Green with Envy: Donnybrook Green 1970 Chevrolet Corvette LT1 Coupe 4-Speed

  • January 06, 2021
Why We Like It

While Chevrolet’s new 454ci big-block engines may have grabbed most of the headlines in 1970, the potent new 350ci LT1 mill was also now available for the Corvette in two versions, delivering awesome performance with 350 or 370 factory-rated horses on tap. Based on a high-strength cylinder block with 4-bolt mains and forged internals – perfect for high-rpm use – the LT1 was built to perform, with a hot solid-lifter valvetrain breathing deeply through free-flowing cylinder heads and low-restriction intake and exhaust systems. Affectionately called “the mouse that roared” by Corvette chief engineer Zora Arkus-Duntov, the LT1 delivered big-block performance with great handling characteristics and a much lower weight. The wild 350 also slipped under the purview of increasingly watchful insurance companies on the lookout for big-block premiums. Just 1,287 Corvettes left the factory with LT1 power for 1970 (at a $447 option cost) out of 17,316 produced, which was already low due to a strike-shortened model year. Today, these potent cars rank among the most sought after Corvettes of the early 1970s.

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green-with-envy-donnybrook-green-1970-chevrolet-corvette-lt-1-4-speed-coupe00t0t a2Ki0OLiJUbz 0t20CI 1200x900Featuring delicious Donnybrook Green over Green Vinyl livery, this 1970 Chevrolet Corvette LT1 Coupe comes to market with 63k miles, and features what appears to be excellent paint and interior condition, and according to the owner, it runs like a top, while featuring seller-added power-assisted steering, and it does not have the factory A.I.R. emissions system, which was commonly removed and discarded in period. A preferred 4-speed manual transmission delivers the power to the road, and documentation includes the dealer-issued Protect-O-Plate and tank sticker. While seeking a cash offer, the seller advises they would also be willing to consider taking a 1'65 or '66 Corvette or '69 Camaro in trade.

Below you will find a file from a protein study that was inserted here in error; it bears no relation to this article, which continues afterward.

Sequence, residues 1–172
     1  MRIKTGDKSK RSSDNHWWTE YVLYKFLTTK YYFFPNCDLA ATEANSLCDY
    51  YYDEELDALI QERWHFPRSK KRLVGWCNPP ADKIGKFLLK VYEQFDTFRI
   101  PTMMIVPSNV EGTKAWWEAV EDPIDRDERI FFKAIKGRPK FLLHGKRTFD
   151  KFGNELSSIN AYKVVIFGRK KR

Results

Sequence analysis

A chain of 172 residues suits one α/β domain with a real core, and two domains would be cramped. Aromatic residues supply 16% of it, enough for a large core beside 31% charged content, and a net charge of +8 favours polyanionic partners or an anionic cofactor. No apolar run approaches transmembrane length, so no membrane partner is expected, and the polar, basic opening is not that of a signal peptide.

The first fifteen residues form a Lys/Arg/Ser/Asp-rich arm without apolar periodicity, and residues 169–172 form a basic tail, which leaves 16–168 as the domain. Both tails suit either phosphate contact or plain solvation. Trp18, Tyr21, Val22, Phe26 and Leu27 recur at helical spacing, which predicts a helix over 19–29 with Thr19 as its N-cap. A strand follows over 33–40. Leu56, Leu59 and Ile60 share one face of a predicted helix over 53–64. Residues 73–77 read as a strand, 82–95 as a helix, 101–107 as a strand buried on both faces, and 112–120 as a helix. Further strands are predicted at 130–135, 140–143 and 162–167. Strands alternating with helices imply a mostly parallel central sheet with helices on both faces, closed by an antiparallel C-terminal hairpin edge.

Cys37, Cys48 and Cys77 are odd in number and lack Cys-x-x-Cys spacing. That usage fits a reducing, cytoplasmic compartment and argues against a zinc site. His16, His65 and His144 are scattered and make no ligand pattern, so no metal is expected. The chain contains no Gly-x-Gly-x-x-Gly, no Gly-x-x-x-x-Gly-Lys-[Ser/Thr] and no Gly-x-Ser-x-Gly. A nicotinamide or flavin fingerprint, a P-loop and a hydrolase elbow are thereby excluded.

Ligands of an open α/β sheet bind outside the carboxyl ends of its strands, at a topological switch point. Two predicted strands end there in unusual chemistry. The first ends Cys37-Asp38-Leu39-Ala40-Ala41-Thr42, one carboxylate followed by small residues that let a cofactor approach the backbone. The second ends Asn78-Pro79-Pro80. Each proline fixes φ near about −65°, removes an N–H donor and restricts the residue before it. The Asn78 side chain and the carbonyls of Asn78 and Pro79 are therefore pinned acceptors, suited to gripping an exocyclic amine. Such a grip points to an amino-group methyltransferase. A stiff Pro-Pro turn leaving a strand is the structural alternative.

Prices for nice examples of these special cars aren't exactly affordable, and according to Hagertys’ current collector car price guide, the 1970
LT1 coupe with 270hp ranges from just $23,900 for a #4 driver with some visible flaws, all the way up to $86,300 for an as-new concours-quality specimen. With a semi-reasonable 63k miles, our subject car is indeed a rare LT1 model and it seems to be a very good survivor. Having said that, the asking price is just below #2 money, leading us to call it fair market value. Unrestored, survivor-quality cars have a growing following all their own, and well maintained specimens like this one acheive a certain solidity and irreplaceable feeling of integrity unmatched by many restored cars. We’d certainly love a test drive to see how it stacks up with our theory, but we’re pretty sure it’s as good as it looks!

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